UK Labour leader says ending anti-Semitism a vital priority
LONDON (AP) — British Labour Party leader Jeremy Corbyn vowed Sunday to rebuild trust with the Jewish community as he tried to calm a storm over alleged anti-Semitism in the left-of-center opposition party.
Claims of anti-Jewish prejudice within Labour have grown since Corbyn, 69, a longtime critic of Israel’s treatment of Palestinians, was elected leader in 2015. Jewish groups have accused him of failing to expel party members who express anti-Semitic views.
The dispute recently boiled over again after the party proposed adopting a definition of anti-Semitism that differed from the one approved by the International Holocaust Remembrance Alliance.
Corbyn, a member of Parliament since 1983, said in a video released by the party that there was “a real problem of anti-Semitism that Labour is working to overcome.”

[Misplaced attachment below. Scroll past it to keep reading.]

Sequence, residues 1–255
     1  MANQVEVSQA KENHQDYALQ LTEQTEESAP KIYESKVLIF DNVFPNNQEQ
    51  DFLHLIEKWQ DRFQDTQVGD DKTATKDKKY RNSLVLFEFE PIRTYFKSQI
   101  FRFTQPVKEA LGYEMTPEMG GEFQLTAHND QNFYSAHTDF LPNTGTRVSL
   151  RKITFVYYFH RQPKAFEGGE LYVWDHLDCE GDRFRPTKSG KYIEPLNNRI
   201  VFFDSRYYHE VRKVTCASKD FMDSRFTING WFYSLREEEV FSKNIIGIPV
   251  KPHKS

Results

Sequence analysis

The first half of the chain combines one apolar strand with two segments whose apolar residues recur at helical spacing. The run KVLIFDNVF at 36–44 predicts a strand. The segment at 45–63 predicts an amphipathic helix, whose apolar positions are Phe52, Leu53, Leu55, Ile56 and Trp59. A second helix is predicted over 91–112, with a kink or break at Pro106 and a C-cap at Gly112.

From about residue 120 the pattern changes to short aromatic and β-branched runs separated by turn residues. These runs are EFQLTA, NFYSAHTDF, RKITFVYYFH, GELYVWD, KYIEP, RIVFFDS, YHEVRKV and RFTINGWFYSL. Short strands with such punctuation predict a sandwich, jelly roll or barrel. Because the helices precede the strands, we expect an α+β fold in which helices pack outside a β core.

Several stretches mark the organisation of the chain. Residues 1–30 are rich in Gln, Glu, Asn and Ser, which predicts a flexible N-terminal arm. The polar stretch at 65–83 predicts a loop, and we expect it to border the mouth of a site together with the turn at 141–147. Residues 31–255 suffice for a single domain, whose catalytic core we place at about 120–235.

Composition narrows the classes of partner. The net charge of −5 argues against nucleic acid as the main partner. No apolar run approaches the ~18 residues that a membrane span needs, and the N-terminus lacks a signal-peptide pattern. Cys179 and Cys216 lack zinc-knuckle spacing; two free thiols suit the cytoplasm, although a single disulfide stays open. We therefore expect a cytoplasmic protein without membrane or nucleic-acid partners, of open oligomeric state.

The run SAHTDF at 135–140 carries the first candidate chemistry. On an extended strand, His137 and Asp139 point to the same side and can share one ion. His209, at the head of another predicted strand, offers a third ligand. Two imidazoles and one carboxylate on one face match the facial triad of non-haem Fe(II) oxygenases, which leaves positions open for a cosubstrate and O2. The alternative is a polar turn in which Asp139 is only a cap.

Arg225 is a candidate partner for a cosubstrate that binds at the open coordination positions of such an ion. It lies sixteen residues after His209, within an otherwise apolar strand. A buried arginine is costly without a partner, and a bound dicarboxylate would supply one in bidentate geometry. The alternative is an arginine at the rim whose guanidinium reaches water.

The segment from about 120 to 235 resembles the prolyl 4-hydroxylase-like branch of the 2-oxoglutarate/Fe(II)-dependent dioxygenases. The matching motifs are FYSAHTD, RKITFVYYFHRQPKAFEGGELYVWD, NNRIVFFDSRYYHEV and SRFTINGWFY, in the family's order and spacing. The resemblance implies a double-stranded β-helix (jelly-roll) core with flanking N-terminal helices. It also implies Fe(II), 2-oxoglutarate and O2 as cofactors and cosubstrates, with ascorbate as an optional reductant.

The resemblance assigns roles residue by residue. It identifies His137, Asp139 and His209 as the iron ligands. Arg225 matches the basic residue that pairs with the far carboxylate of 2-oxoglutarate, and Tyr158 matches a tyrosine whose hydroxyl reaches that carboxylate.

“Driving anti-Semitism out of the party for good and working with the Jewish community to rebuild trust are vital priorities,” he said.
Corbyn’s critics said he needed to back up his words with action. Gideon Falter of the Campaign Against Antisemitism said the “contradictory, hypocritical, insincere” video statement was devoid of any promises of action.
The video was released after Labour’s deputy leader, Tom Watson, said the party faced “eternal shame and embarrassment” if it did not confront the problem.